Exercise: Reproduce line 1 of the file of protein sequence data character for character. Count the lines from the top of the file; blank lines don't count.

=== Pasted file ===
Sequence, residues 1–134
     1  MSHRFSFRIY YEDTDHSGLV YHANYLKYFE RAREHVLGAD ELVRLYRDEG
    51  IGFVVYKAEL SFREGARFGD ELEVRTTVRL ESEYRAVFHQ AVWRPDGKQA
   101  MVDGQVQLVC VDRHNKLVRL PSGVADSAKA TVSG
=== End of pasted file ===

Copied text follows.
Sequence, residues 1–134